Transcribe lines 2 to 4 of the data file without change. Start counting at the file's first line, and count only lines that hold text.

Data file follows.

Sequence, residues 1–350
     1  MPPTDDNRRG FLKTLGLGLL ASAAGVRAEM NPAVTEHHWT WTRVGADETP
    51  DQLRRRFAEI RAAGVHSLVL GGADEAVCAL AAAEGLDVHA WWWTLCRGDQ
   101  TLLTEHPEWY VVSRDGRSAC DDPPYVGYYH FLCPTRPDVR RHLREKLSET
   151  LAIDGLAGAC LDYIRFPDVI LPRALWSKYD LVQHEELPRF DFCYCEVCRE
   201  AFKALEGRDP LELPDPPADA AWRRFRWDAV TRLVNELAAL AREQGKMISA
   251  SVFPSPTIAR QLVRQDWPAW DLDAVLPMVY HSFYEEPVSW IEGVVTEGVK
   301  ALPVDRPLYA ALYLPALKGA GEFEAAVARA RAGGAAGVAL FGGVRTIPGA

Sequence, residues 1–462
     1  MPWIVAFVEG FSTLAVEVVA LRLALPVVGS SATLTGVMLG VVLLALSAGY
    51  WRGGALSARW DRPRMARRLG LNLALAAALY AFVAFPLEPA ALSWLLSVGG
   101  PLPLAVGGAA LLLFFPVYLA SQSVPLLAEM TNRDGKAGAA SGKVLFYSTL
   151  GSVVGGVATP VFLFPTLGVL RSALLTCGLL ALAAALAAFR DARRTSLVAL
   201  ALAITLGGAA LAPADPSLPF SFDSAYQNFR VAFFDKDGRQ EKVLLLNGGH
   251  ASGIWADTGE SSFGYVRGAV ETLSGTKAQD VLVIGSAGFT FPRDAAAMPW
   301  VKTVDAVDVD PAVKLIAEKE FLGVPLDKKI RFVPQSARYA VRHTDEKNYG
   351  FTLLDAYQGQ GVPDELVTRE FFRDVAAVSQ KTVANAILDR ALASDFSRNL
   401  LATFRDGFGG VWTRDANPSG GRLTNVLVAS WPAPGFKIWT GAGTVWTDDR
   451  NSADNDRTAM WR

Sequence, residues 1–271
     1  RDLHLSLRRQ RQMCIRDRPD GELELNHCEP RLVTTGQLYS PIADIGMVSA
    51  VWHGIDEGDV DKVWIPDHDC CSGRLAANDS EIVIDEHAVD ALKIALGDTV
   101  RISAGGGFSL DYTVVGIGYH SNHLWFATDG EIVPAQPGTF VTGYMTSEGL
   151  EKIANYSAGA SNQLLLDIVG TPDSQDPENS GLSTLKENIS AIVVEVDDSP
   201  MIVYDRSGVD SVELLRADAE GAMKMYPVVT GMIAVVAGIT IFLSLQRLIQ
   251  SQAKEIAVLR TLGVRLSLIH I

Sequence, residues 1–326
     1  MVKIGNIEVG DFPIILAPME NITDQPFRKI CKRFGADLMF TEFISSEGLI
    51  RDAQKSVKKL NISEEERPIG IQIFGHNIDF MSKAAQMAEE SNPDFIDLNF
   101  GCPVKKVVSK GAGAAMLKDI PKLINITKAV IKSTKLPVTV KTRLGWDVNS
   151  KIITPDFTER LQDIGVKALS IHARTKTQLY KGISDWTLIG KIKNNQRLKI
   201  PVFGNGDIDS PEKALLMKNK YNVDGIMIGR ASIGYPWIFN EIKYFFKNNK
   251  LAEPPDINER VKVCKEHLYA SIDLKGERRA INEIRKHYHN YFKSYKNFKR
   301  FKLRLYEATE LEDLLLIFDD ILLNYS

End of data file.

     1  MPPTDDNRRG FLKTLGLGLL ASAAGVRAEM NPAVTEHHWT WTRVGADETP
    51  DQLRRRFAEI RAAGVHSLVL GGADEAVCAL AAAEGLDVHA WWWTLCRGDQ
   101  TLLTEHPEWY VVSRDGRSAC DDPPYVGYYH FLCPTRPDVR RHLREKLSET